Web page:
[MERGE REVIEW] create_checkout_convenience
mbp at canonical.com
Mon Aug 7 10:17:00 BST 2006
On 7 Aug 2006, Aaron Bentley <aaron.bentley at utoronto.ca> wrote:
> Martin Pool wrote:
> > When talking to Robert the other day I proposed this rule: static/class
> > methods should be confined to the "named constructor" pattern.
> I'll have to get back to you about whether this should be a general
> rule. It seems strange to make things instance methods when they don't
> require access to instance variables.
(I should have explained what I meant by "named constructor", but Robert
did it well.)
Well, I certainly didn't mean to just turn them into instance methods
with no other changes. But there are other things that can be done:
1- Think of what instance they really should belong to, and put them there (as
we did in this thread).
2- Make a new class, and make them methods of instances of that class. For
example I think the register_format, set_default_format, etc should perhaps be
methods of an instance of FormatRegistry, rather than stuck into the class
whose subclasses they register.
3- Perhaps just make them regular functions, not part of any class. I know
Robert has concerns about the testability and maintainability of code that
does this. It's definitely the last choice but sometimes I think it makes
sense in Python. I can't really see any cases where it would be needed in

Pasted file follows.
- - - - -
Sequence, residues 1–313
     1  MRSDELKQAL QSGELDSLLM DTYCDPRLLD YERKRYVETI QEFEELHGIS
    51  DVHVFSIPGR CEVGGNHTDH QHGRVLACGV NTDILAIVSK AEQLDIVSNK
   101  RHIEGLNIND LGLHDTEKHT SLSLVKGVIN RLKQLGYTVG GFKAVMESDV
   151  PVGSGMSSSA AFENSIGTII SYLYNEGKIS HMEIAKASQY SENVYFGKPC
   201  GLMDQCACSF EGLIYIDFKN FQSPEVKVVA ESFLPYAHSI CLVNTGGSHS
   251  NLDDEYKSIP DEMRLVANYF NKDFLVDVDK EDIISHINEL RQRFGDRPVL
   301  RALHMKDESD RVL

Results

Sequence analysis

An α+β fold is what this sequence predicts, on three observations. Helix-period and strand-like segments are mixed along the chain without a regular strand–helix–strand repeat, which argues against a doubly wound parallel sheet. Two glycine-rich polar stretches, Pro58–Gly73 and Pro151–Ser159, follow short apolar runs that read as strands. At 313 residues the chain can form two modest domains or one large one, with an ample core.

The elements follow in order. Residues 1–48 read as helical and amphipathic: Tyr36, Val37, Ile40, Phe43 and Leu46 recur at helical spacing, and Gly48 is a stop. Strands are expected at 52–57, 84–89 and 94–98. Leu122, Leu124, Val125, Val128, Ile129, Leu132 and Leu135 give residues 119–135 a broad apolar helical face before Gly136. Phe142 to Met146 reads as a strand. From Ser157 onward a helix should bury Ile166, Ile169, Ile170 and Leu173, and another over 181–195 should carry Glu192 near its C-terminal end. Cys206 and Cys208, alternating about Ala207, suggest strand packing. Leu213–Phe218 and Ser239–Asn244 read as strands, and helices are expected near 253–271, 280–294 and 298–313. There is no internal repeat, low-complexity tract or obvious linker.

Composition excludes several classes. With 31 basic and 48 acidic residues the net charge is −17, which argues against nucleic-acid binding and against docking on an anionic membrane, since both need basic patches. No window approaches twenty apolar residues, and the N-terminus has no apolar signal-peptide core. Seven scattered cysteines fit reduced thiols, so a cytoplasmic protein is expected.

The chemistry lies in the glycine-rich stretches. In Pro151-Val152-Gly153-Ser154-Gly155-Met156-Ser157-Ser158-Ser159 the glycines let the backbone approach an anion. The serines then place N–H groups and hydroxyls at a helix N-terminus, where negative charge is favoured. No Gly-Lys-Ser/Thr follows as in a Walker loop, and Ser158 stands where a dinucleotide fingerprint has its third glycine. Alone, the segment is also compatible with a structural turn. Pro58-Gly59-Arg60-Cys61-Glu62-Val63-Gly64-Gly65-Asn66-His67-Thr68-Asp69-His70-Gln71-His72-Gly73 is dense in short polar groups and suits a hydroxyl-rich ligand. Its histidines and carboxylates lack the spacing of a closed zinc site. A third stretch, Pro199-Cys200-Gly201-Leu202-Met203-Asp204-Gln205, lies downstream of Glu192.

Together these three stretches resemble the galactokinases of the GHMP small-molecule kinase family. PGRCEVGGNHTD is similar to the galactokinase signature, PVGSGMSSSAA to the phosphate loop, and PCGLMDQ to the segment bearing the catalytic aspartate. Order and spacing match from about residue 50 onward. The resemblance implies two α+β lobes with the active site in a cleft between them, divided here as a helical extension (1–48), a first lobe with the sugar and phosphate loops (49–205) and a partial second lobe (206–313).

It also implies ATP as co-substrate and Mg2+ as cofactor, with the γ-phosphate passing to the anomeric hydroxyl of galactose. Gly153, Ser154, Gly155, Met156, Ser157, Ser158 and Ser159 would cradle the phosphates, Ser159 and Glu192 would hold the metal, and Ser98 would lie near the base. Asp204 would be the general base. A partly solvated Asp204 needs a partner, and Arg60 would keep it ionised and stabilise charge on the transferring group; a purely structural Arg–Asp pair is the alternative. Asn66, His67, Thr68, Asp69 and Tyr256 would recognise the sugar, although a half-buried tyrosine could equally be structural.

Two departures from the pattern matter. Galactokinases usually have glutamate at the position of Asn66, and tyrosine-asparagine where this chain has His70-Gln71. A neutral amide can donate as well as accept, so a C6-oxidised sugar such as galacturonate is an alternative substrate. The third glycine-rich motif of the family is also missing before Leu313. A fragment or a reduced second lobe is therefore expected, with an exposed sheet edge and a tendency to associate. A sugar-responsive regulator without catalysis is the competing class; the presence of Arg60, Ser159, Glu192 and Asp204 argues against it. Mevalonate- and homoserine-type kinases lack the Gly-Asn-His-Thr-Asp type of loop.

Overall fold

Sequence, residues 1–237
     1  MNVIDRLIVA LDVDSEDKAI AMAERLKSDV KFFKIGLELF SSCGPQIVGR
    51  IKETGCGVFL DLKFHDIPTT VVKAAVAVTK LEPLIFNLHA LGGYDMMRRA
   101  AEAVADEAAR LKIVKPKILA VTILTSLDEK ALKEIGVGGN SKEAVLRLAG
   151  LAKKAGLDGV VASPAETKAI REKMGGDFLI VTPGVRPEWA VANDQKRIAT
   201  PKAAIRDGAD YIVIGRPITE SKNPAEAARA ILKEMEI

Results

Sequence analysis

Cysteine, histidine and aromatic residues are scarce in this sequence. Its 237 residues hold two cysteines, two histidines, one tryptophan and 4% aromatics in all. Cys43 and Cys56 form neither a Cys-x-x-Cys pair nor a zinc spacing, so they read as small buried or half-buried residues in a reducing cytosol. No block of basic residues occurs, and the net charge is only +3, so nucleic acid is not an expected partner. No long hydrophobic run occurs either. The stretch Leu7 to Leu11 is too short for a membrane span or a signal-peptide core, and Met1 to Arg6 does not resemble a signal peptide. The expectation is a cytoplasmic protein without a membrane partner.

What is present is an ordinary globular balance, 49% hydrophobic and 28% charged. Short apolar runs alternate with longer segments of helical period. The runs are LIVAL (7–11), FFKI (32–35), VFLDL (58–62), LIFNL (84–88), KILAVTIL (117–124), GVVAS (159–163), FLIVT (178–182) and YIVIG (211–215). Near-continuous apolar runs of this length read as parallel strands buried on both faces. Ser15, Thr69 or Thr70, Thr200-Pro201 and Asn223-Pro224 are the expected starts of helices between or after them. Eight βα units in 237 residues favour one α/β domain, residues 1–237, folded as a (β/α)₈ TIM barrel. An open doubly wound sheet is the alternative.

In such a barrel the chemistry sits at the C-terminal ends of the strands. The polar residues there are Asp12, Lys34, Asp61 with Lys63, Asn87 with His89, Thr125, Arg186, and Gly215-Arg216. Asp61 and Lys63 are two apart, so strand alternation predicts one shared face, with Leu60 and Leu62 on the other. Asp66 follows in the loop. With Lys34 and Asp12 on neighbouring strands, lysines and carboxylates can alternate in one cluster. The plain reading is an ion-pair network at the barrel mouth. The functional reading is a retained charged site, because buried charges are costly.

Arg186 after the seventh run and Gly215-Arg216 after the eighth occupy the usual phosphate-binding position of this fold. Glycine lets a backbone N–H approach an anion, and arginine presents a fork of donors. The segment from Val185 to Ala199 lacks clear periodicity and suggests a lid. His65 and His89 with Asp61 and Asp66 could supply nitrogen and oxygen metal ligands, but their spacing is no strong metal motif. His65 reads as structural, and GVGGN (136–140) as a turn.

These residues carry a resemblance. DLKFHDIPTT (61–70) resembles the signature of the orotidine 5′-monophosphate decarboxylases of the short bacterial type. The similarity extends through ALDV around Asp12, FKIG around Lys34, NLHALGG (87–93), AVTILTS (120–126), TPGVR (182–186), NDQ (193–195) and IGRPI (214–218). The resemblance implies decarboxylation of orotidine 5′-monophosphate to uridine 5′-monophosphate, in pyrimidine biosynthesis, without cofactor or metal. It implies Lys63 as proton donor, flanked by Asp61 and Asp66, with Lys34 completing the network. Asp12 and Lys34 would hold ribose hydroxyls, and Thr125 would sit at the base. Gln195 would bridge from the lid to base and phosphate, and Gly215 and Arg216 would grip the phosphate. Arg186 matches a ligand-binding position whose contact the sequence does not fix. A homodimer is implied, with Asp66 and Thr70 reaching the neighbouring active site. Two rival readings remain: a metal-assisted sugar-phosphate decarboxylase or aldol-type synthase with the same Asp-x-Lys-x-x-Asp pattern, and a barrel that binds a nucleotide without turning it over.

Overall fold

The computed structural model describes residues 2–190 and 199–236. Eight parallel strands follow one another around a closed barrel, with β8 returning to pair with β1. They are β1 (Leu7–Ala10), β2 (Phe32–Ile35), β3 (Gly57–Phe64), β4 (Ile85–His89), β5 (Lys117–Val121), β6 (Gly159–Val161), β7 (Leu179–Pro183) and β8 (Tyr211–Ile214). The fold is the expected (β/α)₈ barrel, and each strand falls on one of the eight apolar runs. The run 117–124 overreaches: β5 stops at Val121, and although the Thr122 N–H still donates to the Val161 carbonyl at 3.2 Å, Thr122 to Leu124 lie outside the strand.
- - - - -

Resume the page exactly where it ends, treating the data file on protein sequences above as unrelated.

our current code so let's defer the abstract discussion. :-)
I agree it can be strange to have instance methods that don't care what
instance they're called upon. (Is there a name for that pattern?) However,
it can sometimes still make sense, if different subclasses would want to vary
the behaviour by instance. I guess in Python you still get instance-based
dispatch for @staticmethods, but it may communicate the wrong message to the
> > And also the 'lightweight' parameter basically runs two different
> > methods, which suggests we should actually have two. So how abut
> > source.create_lightweight_checkout(to_location, ...)
> The reasoning behind that was that we're trying to present lightweight
> checkouts and heavyweight ones as behaving essentially the same. At
> this level, I think if we make them separate methods, we make the client
> work harder, for no great gain. e.g. the implementation of cmd_checkout
> gets more complicated:
OK, so let's leave that for now and just make it an instance method?
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